A majority of the largest Federal agencies will have their inspector general (IG) offices involved in monitoring how agencies plan for and proceed with office reopening plans amid the continuing coronavirus pandemic, Rep. Gerry Connolly, D-Va., said today.

Rep. Connolly – who chairs the House Government Operations Subcommittee – reported today that 24 Federal agencies have responded to his June letters requesting IG oversight of agency reopening plans. Rep. Connolly’s office today released a rating system and tracker today to record their responses.

Among the agencies contacted, only the Department of Housing and Urban Development IG has failed to provide a formal response.

Of the remaining agencies, 15 agency IGs are reviewing or will review their agency’s reopening plans. Seven agency IGs said they did not conduct a formal review, but are overseeing or plan to oversee reopening safety. And only one agency IG – at the Small Business Administration – did not commit to conducting the review or related oversight.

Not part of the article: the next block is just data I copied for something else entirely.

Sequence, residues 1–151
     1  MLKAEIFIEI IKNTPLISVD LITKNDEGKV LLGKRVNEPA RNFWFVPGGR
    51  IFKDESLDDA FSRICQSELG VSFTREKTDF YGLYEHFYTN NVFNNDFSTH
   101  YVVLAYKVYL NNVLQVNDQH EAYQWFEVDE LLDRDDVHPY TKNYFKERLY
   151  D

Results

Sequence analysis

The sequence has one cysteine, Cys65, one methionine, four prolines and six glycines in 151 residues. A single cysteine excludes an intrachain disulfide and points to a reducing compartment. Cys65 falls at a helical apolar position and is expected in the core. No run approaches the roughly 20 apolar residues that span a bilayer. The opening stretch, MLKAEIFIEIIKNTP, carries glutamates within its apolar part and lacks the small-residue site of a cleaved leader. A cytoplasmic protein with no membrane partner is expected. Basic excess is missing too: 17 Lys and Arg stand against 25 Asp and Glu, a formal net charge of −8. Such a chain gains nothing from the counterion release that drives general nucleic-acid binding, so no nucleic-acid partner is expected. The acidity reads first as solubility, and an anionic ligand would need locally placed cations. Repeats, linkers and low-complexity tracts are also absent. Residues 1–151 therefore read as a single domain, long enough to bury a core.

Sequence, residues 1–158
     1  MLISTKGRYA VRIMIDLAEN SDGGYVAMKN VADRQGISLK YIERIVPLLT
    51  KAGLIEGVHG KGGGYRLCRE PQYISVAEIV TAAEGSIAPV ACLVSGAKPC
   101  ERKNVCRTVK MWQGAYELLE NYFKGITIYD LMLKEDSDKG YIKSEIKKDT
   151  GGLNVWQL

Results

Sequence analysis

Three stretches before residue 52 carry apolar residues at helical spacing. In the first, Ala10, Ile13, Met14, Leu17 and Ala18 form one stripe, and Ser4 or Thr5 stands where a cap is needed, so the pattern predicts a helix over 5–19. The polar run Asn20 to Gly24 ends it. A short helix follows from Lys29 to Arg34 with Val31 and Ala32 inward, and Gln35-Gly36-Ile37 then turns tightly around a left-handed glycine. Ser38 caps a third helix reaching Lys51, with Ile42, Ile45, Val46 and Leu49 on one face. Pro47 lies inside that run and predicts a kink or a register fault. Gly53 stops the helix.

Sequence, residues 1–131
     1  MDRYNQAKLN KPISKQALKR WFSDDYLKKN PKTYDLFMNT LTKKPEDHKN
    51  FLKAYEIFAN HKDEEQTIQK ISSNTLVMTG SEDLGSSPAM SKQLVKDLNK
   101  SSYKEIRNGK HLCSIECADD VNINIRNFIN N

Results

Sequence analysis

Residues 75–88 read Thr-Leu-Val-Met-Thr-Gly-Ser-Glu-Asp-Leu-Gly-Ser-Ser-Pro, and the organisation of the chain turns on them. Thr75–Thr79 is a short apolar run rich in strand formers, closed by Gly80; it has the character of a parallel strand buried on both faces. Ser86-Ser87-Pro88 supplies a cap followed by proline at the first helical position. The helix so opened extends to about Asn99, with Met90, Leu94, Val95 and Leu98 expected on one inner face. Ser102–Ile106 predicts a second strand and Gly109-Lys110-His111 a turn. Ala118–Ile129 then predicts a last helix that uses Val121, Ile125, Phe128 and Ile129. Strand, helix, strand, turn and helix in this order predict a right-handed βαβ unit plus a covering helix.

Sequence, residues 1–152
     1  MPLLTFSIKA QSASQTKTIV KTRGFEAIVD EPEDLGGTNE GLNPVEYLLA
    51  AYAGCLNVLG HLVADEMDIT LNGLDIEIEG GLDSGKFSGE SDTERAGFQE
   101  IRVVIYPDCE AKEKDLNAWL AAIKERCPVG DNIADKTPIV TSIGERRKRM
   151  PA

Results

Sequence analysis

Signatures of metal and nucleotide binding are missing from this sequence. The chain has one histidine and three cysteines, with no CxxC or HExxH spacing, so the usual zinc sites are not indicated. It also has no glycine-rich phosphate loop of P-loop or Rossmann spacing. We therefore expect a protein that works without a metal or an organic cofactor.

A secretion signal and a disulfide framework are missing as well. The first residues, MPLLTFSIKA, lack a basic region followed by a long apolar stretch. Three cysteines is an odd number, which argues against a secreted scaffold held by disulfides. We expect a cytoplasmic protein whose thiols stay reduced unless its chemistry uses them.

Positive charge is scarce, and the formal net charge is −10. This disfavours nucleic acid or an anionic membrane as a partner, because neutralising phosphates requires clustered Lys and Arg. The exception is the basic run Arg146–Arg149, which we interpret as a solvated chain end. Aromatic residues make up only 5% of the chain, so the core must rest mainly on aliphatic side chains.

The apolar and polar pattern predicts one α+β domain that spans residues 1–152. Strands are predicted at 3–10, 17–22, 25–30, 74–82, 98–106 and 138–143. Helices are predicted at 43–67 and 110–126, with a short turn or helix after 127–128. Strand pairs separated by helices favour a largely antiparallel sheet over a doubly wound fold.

“Whether it is rushing to reopen schools or Federal offices, the Trump administration has repeatedly demonstrated their willingness to put optics ahead of science and safety,” Rep. Connolly said. “We have a responsibility to put the health and safety of our federal workers ahead of politics.”

The congressman also called for continued congressional oversight of the reopenings “for full transparency and accountability.”

In the June letter, Rep. Connolly asked for a detailed report on agency best practices, manager decision making, metrics on reopening indicators, the availability of personal protective equipment, and other information on reopening procedures.

“Federal IGs have played a critical role in overseeing the operations of the Federal government throughout the pandemic,” Rep. Connolly wrote in June. “Your continued oversight is critical to protect the health and safety of our government’s most valuable resource: its Federal workforce.”

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Katie Malone
Katie Malone
Katie Malone is a MeriTalk Staff Reporter covering the intersection of government and technology.